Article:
These girls are rocking a pretty standard Urfa outfit for their age, based on what I've seen: slim jeans, coat to low thigh, and fancy headscarf tied around the front of the neck.
Urfa is no village. Population is estimated at 500,000.
Standard urban Turkish man garb: leather jacket, nice jeans, a longer coat for the gentleman.
In Urfa, by the way, every park is Dude Chilling Park.
Local elections are coming up (more on this later), so the streets are full of signs, flags, and music-blaring vans.
Many of the older women wear long coats, again with the fancy headscarves tied around the front of the neck.
Kitap means 'book' (in Turkish and Arabic). The university students inside were super kind and searched the shelves for a book in English (no dice). One of them, insisting that we speak in English, asked, "What are you doing...here...in Urfa?" I laughed.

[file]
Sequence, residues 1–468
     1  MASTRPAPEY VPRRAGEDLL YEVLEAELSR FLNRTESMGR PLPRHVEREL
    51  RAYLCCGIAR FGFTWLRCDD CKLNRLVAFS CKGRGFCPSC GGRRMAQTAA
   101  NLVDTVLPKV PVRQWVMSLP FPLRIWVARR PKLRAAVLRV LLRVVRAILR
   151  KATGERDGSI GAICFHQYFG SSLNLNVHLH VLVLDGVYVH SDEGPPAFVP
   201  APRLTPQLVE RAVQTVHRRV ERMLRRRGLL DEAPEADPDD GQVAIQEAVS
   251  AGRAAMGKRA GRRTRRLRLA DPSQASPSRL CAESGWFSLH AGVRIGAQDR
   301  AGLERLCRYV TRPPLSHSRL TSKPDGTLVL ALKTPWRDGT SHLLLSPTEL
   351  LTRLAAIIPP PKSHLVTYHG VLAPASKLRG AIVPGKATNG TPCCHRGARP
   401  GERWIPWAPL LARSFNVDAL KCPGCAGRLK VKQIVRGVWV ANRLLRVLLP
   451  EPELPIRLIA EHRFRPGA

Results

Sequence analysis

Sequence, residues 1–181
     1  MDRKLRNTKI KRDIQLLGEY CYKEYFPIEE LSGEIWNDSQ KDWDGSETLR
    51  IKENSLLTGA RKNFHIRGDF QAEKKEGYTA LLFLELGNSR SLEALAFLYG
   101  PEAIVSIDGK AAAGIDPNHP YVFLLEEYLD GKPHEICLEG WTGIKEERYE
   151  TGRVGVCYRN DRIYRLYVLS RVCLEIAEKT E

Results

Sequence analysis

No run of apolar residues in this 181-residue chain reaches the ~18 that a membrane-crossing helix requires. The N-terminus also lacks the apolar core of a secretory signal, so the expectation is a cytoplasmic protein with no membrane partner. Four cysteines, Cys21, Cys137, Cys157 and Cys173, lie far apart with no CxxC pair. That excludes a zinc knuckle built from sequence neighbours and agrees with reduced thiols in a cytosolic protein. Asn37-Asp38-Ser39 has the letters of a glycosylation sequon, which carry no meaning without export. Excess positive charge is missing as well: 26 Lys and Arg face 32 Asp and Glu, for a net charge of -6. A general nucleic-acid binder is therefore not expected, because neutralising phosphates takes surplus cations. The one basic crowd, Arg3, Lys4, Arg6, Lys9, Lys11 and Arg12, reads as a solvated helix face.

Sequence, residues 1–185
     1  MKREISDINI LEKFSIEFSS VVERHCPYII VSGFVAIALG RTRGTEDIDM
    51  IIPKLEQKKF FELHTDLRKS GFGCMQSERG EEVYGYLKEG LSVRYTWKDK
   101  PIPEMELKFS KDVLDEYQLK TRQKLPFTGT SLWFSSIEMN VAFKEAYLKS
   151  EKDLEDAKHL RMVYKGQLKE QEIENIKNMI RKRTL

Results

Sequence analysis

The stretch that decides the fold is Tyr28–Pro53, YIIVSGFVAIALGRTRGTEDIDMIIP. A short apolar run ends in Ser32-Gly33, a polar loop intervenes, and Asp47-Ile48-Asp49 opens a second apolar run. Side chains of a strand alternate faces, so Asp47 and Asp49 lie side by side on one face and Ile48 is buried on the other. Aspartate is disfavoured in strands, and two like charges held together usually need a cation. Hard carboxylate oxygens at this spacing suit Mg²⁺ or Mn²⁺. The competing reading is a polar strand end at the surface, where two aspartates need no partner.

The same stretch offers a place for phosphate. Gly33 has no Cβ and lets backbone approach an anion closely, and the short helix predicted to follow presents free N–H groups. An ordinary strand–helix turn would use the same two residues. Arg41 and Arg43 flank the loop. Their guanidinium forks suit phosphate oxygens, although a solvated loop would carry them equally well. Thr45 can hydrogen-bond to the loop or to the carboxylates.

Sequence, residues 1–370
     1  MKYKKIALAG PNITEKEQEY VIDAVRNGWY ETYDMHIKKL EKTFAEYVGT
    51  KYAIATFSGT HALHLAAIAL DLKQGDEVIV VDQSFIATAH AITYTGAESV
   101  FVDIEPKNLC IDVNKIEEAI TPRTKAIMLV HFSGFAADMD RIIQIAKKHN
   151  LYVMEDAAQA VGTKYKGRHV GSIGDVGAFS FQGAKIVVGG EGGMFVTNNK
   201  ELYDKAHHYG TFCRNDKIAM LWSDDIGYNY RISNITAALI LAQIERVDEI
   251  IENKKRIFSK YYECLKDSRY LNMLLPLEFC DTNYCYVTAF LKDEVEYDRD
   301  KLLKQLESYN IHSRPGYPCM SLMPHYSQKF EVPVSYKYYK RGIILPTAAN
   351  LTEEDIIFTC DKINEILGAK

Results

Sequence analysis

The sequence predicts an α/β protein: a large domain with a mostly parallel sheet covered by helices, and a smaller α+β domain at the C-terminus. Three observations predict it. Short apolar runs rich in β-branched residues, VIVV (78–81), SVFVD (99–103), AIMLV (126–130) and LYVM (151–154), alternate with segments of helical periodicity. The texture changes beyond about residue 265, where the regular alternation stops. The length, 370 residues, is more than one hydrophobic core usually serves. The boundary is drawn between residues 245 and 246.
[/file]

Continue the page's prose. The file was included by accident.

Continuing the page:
Big plaza undergoing development. Requisite Atatürk statue at back left.
Şanlıurfa is the real name of the city. Şanlı meaning 'Glorious' was added to 'Urfa' to commemorate the city's efforts in the War of Independence–the war after World War I, when Atatürk fought off the Allies and made Turkey from what was left of the Ottoman Empire.
Apparently it took a few years of petitioning for the 'Glorious' to be added. Local politicians were tired of hearing about neighbouring cities 'Gazi' (veteran/warrior) Antep and 'Kahraman' (Heroic) Maraş.
Sunny days, cold nights.
Balıklı Göl! "Fish Pond"! This beautiful pool is Urfa's main attraction.
The story: Nimrod pushed Abraham/Ibrahim off a cliff and into a bed of burning embers.
God/Allah turned the bed of burning embers into a pool of friendly fish, and Abraham/Ibrahim went on to play his founding role in the three major monotheistic religions.
And Urfa has a swell park.
In the afternoon I returned to my neighbourhood in Yeni Şehir (New City), and took a walk through a more modest, but still lovely, park.
I like that beyond this empty lot we can see the plains. This is Mesopotamia, birthplace of agriculture! So cool.